Sep 11 2011: Spirits of Air and Darkness by Michael Roberts (Faber, 1939)

If he’s remembered very much at all these days Michael Roberts is probably  best known as an anthologist between the wars, having edited both New Signatures and The Faber Book of Modern Verse. His own poetry, though, seems mostly neglected: as far as I know, nearly all of it is out of print, but having picked up this copy of his third book of poetry, Orion Marches (1939), I’d certainly be interested in seeing more, patchy though the book as a whole might often be. The two earlier collections, Poems (1936, also from Faber) and These Our Matins (1930, published by Elkin Mathews & Marrot according to his Wikipedia entry) are presumably gathered into his 1958 Collected Poems, which is a book I’ve already added to my ‘find and read’ list on the strength of the best pieces in this collection. The one scanned in below, ‘Spirits of Air and Darkness’, seems like a wonderfully potent piece of writing to me* though I suppose its logical swerves, symbolic tone and air of theatricality (all things I happen to mark largely in its favour) could prove divisive to readers with different tastes. Either way, it’s certainly one poem, among many here, that deserves reconsideration. It also mentions a woodlouse, something that an earlier post has already admitted might (and, yes, it does) endear the sensibility behind it to me even more than usual.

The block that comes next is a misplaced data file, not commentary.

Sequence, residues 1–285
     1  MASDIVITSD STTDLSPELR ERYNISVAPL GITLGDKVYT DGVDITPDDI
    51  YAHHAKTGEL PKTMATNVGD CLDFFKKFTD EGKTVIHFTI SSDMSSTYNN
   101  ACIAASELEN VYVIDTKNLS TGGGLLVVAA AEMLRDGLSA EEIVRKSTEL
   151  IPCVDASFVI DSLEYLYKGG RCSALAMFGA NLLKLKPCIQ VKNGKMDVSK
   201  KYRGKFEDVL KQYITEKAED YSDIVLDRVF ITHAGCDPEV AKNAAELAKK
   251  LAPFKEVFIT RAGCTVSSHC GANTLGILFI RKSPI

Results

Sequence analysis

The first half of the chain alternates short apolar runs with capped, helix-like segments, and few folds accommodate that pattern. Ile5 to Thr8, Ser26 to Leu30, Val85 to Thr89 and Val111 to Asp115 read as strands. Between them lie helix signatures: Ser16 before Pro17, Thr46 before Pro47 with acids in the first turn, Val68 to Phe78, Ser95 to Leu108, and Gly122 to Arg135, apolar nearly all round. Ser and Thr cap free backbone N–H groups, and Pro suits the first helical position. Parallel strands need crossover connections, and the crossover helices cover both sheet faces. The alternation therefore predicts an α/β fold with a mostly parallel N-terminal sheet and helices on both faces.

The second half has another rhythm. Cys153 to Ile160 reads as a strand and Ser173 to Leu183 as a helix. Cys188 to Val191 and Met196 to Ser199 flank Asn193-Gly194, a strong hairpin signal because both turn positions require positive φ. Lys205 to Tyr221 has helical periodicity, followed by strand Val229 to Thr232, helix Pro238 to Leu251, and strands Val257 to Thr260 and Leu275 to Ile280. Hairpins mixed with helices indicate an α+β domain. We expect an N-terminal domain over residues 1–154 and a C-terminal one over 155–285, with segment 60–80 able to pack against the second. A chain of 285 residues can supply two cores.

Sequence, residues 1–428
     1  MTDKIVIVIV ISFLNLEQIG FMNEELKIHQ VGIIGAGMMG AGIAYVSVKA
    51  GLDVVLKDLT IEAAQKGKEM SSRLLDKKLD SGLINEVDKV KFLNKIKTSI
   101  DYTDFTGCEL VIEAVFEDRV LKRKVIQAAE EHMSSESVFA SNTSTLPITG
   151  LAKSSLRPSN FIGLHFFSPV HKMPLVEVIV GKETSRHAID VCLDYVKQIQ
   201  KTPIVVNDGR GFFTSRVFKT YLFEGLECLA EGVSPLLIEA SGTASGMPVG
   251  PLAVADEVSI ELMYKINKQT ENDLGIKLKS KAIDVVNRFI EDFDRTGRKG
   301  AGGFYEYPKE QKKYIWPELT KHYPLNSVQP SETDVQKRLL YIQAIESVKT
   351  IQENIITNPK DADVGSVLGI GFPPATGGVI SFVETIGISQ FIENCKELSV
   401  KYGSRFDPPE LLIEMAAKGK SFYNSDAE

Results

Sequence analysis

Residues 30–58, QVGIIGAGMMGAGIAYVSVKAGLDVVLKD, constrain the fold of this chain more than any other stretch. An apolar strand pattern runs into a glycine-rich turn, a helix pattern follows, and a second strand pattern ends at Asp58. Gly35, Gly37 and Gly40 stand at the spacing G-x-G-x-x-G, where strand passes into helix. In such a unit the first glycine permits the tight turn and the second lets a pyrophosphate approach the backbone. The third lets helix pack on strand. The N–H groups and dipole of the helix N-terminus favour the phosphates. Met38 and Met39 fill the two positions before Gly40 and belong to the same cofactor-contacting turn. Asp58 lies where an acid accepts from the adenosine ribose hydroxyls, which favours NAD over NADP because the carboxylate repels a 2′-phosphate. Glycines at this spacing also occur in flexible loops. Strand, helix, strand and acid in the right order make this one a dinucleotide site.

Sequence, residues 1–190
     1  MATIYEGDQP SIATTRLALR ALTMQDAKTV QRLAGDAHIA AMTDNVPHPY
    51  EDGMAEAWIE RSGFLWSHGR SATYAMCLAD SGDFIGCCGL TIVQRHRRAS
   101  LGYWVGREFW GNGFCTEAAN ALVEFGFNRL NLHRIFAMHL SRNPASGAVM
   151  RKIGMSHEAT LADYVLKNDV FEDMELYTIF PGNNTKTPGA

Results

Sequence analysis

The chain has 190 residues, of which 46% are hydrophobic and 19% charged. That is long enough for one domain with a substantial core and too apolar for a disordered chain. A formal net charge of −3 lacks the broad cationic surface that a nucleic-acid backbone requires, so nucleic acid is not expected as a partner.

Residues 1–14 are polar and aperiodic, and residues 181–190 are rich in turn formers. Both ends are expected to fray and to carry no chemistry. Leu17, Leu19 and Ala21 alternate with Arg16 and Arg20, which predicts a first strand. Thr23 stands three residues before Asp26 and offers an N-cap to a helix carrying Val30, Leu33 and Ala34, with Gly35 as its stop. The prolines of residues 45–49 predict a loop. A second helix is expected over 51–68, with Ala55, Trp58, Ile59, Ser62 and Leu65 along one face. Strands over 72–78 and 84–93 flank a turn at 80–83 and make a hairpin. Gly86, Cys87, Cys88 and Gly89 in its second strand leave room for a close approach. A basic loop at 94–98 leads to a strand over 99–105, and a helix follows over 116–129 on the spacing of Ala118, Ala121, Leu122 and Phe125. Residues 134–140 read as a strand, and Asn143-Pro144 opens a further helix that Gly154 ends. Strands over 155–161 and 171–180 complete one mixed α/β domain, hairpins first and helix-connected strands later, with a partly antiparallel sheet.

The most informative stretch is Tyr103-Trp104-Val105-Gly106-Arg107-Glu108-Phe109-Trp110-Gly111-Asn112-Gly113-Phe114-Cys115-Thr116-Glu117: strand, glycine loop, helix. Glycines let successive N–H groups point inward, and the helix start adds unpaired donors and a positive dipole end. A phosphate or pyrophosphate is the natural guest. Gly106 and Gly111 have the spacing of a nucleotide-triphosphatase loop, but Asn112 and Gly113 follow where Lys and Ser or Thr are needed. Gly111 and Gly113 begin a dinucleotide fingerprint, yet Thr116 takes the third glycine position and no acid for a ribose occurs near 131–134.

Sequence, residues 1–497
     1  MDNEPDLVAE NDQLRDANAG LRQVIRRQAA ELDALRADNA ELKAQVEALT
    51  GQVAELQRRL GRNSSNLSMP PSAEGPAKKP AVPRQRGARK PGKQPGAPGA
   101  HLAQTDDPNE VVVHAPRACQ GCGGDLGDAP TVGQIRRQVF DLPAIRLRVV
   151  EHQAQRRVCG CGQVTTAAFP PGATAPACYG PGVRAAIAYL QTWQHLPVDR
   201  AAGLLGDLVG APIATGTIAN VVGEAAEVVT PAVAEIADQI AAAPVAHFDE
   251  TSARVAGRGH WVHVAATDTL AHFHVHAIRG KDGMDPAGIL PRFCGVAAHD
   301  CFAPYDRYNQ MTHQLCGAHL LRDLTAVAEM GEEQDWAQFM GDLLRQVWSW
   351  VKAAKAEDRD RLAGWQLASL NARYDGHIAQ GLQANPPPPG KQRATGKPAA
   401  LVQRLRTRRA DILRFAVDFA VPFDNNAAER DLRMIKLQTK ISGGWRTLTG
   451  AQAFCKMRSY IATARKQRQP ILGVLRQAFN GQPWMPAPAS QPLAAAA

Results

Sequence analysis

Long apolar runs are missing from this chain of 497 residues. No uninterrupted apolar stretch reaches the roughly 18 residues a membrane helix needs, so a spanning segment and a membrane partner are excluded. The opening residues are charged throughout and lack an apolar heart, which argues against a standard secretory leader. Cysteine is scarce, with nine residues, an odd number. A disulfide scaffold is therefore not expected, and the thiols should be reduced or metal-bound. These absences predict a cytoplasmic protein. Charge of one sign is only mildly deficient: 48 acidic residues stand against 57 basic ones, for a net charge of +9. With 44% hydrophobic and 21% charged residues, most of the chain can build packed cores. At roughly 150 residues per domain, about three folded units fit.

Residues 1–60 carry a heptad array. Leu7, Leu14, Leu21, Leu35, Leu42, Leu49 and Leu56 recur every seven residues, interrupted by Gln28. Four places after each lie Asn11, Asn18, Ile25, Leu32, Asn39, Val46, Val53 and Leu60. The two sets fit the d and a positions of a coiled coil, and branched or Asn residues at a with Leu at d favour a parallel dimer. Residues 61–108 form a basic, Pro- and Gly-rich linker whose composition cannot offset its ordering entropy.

*And not only for its date, appearing as it did on the eve of the Second World War. Doesn’t that line about the forces of destruction having “taken the summer glitter from the slow water” sound like the very line you might have wanted to write yourself about the financial destruction being wrought in the aftermath of speculation today, in 2011?

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